Exway Flex Review: The People’s Board

Follow the discussion on Reddit here


As a reviewer, I ride and test a lot of boards. From the cheapest of boards built to make a quick buck to the most expensive of premium boards with enough power to knock your socks off. I’ve also built and fixed many-a-board: ones that have enough torque to spin the wheels throttling from a standstill no sweat, ones that can theoretically reach 70MPH. I’m no stranger to eskates of all different kinds, and I’ve seen this market grow and evolve in countless surprising ways.

In my time, I’ve found that there are highlights and lowlights of each and every board. As a reviewer, my job is to explain all of these points to you so you may make an educated purchasing decision. Every single board has a price to value ratio, and I make recommendations based on that ratio.

The ideal ratio would hew closely to 1:1: Good value at good price. Many boards have gotten close, and a couple have hit the mark, with most falling short, with OK value at OK price or bad value at bad price. However, one thing I have never said is “this is the board you should buy” for any category.

Until now.

If you’re looking for a board under $1000 USD, at $650 to $700 the Exway Flex is the board you should buy without question. Let me tell you why.


Yes, we all know this is a missed opportunity. Let’s digress from that and look at the product itself.

The Flex is a budget board. Which normally would mean low grade components and subpar build quality. This is absolutely not the case here. The Flex is actually a premium board disguised as a budget board.

Let’s start with the deck. True to the Flex’s name, the deck is fairly flexy, yet retains good rebound and not too much torsion. There are extreme wheel flairs which mean you can install fairly large wheels, probably over 100mm, however the flairs may be polarizing for some if you don’t like that kind of thing. I personally liked bracing against them on acceleration and so did most people who tried it, but there were a couple people who couldn’t get super comfortable with the flairs.

PC: Scott Dred

Key to the drivetrain is Exway’s new truck, called Tryst. Previously, Exway had used customized versions of Seismic’s Aeon truck, which were and still are one of my favorite trucks. Now, Exway has designed their own truck, no doubt for cost saving and ease of manufacturing. However, that’s not to say these forged and CNC’d trucks aren’t a force to be reckoned with. Beyond retaining a responsive, accurate ridefeel, they support standard bushings, which opens up a whole new world of tuneability beyond Seismic’s offerings. That being said, the bushings that the Flex came with have great rebound, and paired with Exway’s precision cup washers (sold separately, but seriously, you gotta try precision washers, from Exway, Array, or otherwise), offer a precise, stable carve that I really enjoyed.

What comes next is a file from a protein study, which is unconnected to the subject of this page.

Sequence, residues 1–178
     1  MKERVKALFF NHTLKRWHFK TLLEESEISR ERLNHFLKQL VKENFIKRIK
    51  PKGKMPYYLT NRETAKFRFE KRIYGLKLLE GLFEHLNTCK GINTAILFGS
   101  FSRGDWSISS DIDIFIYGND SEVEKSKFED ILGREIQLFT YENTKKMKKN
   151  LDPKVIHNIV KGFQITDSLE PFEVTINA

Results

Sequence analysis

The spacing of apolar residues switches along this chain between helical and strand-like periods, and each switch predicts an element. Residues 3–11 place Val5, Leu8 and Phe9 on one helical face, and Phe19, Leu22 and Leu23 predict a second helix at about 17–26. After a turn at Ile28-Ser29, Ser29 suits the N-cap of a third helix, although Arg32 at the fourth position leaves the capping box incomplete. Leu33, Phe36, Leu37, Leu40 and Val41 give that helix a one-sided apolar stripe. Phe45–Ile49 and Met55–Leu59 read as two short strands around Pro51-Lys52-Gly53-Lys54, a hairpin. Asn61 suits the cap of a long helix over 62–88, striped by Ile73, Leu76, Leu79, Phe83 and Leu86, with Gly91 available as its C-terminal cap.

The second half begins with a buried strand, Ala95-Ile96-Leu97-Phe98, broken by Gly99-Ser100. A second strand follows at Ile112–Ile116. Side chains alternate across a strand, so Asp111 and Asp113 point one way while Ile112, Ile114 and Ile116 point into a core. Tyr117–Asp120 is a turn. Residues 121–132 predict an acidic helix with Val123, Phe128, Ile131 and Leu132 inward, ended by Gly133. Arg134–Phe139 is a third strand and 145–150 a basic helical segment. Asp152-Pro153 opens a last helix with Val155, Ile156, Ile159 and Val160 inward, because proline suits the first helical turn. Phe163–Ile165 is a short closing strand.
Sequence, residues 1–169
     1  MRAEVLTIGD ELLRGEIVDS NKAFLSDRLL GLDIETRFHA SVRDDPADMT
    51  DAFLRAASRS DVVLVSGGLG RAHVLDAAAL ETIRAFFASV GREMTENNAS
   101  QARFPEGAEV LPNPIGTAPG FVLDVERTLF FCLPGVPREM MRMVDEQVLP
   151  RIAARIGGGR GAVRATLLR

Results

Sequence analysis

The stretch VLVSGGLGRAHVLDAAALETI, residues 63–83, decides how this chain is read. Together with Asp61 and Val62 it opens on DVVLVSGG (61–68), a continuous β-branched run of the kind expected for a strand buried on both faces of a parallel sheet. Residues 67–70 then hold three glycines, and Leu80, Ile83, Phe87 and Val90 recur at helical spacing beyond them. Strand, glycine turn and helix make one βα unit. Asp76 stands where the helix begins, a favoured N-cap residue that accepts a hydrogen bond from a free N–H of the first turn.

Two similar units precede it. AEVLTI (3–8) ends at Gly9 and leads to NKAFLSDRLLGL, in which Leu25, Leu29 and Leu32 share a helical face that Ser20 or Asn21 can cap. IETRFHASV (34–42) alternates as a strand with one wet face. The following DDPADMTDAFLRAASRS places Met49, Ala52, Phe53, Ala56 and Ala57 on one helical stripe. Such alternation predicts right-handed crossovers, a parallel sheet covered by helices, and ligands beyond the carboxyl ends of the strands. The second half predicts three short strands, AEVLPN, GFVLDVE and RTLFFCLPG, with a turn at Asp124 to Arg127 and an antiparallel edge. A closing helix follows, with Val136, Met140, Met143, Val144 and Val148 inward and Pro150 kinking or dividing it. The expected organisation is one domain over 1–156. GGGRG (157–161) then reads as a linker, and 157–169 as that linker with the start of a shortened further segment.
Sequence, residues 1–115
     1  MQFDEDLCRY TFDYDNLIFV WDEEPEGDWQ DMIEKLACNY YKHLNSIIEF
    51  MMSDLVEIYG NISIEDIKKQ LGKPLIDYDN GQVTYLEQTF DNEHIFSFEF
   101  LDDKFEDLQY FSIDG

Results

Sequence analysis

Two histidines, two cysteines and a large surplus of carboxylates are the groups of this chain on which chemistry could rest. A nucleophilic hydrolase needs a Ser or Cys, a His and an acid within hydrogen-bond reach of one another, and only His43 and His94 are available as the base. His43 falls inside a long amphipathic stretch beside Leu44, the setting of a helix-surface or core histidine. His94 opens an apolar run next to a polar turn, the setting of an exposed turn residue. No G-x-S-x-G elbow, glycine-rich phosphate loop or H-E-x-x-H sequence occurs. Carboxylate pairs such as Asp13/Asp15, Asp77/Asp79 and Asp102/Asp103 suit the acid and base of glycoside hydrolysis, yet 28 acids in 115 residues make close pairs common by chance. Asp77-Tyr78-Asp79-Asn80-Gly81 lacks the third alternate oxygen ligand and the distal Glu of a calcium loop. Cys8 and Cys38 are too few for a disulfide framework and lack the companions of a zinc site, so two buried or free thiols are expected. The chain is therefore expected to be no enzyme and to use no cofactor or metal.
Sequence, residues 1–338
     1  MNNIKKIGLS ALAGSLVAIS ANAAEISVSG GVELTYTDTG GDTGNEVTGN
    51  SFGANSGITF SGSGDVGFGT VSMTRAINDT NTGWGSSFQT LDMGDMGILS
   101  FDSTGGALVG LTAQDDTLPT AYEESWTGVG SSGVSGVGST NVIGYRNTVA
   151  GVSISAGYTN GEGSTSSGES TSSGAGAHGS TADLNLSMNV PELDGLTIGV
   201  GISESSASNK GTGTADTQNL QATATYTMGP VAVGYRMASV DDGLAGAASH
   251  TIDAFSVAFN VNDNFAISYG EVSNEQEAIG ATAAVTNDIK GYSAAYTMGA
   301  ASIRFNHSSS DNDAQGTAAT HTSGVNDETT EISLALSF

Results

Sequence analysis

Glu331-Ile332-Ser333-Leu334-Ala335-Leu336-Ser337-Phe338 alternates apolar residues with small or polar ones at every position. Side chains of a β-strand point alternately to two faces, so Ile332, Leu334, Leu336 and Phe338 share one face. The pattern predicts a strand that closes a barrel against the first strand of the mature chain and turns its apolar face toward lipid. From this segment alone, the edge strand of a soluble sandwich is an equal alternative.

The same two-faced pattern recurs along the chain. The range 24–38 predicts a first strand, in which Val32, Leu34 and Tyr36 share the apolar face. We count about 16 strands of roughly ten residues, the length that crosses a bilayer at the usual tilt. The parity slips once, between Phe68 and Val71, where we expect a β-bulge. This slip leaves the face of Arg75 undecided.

Paired with Exway’s second generation urethane and cushy griptape, the Flex honestly just rides awesomely. I have no qualms recommending this board just based on ridefeel alone. But that’s not all.

Best Bang For Buck Electronics

Just because the Flex is a “budget board” by Exway’s own admission, doesn’t mean they’ve cut corners on the electronics in the board. I think it’s actually quite the opposite. It sort of feels like Exway is willing to let this board have razer thin margins while maintaining quality of life features typically found only in boards above the Flex’s price bracket, just to get people on this board and talking about the Exway brand. Not a bad strategy as far as I’m concerned, and I believe it’ll work out well for them.

To the surprise of nobody, the Flex uses the same ESC as its previous boards, thereby retaining all the previous smarts. Remote on/off makes sure you never press a power button on your board again. Telemetry right on the remote paired with the bright OLED display offers up a clear view of essential statistics like remaining battery and current speed. App integration and Exway’s constant and responsive firmware updates ensure your board is infinitely adjustable and always up to date. There was an issue with brakes being too soft when the Flex’s battery dropped below 20% as well as slightly too aggressive at lower speeds, but Exway quickly released an update to fix the issue. A testament to their responsiveness. If I really had to nitpick, I could only really complain about the lack of USB-C charging port on the remote and maybe an odometer? Other than that I’m pretty content.

As far as battery technology, to my knowledge, this is the first board to ship with Sony’s VTC6 cells. They’re high discharge cells, which means you can pull a lot of current from the pack (more torque) compared to a similarly configured pack built from a cell like the Samsung 30Q, which most more powerful production boards tend to use. Sony VTC6s also have similar capacity per cell compared to the 30Q, so the overall capacity of the pack is similar to one made from 30Qs. During range tests, I consistently got 13ish miles of hard riding (full throttle 98% of the time, lots of hills, hard start/stops). I weigh around 130lb, add about 7-8lb of gear to that and you’ll get my riding weight. I think that’s really good for a 12S2P in San Francisco.